Open Democracy: Asian migrant workers are exploited in Danish industries

The Nordic welfare states are often considered an exception to the phenomenon of exploitation of migrant workers in various industries across the world. According to Open Democracy, however, despite the benefits of the so-called ‘Danish model’, Asian migrant workers continue to be exploited in Danish Industries.

Open Democracy is an independent global media platform covering world affairs, ideas and culture. They seek to challenge power and encourage democratic debate.

The ‘Danish model is considered an excellent example of how a national labor market can be regulated to secure worker’s rights with minimum wages and working conditions agreed through tripartite negotiations between trade unions, employers’ associations, and the state.

Contracts under the Danish fast-track program are based on these collective agreements. Yet Open Democracy states an example of a group of Chinese migrants that received residence and work permits through the program but employers circumvented the rules to pay them much lower salaries. Reports also show that truck drivers from The Philippines were being severely underpaid in comparison to their Danish colleagues and offered poor housing in a makeshift camp which is a clear violation of Danish housing regulations. In the cleaning industry, other Danish cases of human trafficking and labor exploitation have now also come to light, where migrants, in particular Romanians, have experienced fraud and coercion.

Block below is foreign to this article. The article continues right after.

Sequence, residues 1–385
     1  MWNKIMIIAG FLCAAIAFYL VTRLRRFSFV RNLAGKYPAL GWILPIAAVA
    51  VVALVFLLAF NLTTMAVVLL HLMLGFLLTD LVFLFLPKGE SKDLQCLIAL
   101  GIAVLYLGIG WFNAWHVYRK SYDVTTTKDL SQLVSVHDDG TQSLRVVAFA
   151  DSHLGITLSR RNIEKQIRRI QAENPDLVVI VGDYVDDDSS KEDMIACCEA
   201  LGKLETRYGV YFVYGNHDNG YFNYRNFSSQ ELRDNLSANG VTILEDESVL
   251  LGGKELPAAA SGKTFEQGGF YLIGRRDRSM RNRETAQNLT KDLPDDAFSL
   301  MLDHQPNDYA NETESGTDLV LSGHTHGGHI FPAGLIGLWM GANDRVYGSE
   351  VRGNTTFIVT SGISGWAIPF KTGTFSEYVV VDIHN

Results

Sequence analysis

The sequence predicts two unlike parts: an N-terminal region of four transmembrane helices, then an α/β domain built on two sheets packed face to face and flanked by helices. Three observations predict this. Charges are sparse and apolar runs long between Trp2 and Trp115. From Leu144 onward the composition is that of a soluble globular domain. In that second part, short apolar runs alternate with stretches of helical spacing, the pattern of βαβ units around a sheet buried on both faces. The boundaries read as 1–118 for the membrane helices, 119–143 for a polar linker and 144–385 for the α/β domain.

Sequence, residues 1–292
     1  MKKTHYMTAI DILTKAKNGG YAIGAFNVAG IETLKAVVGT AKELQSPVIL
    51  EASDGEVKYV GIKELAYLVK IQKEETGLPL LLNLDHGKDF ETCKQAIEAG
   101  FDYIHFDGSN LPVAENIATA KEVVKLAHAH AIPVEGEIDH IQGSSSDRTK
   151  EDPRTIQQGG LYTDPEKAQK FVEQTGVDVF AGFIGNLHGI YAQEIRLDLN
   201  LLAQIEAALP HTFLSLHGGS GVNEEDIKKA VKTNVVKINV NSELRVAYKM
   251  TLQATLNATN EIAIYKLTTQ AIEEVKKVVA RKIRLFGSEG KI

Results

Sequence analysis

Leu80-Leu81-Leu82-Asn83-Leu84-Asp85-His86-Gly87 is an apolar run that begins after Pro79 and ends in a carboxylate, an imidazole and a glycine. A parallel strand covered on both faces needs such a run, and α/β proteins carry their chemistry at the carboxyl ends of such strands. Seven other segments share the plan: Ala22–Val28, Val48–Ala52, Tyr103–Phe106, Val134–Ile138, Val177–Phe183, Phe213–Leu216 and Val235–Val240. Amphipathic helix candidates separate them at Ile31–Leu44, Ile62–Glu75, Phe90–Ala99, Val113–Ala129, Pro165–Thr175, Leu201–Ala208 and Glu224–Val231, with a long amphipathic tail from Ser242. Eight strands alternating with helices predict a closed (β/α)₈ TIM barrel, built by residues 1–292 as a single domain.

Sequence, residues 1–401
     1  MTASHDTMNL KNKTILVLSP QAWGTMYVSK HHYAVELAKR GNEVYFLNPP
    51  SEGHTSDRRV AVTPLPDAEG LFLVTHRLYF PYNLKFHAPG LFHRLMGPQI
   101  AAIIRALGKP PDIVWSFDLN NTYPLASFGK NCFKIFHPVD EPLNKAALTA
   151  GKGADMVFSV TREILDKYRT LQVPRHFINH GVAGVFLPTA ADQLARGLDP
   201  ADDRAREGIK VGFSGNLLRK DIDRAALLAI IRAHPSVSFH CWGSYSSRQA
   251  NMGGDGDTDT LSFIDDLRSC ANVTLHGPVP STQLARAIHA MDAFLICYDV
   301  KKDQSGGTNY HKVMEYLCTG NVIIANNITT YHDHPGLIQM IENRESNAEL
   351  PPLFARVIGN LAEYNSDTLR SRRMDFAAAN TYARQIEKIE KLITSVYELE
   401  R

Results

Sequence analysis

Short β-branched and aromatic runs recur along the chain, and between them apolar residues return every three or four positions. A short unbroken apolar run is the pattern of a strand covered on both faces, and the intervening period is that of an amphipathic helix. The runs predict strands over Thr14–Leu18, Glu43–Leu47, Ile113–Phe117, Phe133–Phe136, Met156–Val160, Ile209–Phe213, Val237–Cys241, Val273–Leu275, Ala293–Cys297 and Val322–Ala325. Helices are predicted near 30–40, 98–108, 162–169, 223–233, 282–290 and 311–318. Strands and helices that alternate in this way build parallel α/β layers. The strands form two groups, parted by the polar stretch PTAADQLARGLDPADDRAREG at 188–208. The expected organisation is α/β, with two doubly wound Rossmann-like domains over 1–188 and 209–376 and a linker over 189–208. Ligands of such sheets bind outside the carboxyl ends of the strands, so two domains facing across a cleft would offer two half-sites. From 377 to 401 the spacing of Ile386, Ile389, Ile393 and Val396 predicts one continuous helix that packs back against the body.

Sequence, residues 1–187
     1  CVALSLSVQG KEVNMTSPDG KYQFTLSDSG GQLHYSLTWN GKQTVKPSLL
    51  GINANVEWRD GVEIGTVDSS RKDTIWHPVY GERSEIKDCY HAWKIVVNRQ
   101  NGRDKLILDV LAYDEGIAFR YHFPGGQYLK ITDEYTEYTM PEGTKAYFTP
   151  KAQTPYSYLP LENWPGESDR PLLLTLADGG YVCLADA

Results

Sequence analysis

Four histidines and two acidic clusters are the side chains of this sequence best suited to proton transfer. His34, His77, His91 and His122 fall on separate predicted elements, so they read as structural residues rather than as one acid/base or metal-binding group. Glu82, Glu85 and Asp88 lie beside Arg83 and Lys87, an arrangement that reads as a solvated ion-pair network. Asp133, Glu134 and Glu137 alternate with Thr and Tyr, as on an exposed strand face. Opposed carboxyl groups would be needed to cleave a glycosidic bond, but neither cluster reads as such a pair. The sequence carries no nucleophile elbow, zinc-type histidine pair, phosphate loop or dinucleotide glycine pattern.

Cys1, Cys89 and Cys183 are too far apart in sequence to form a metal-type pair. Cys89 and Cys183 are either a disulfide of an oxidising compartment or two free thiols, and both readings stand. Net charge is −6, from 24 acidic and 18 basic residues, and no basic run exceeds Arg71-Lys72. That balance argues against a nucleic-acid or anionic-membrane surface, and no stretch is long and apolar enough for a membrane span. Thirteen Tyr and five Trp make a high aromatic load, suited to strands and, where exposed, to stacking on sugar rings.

The ‘Danish model’ is thought to have strong worker safeguards, but exploitation is still seeping in through the cracks, the media claims. The different constellations of citizenship, business models, fast-track programs, and degrees of dependency on the employer can lead to different forms of precarious working conditions and the exploitation of migrant workers. Open Democracy questions if the Danish model and the Danish welfare system are capable of ensuring the rights of migrant workers and if they are even interested in doing so.

Read the full article and more on the debate here

About Mette Larsen

ScandAsia Journalist • Scandinavian Publishing Co., Ltd. • Thailand

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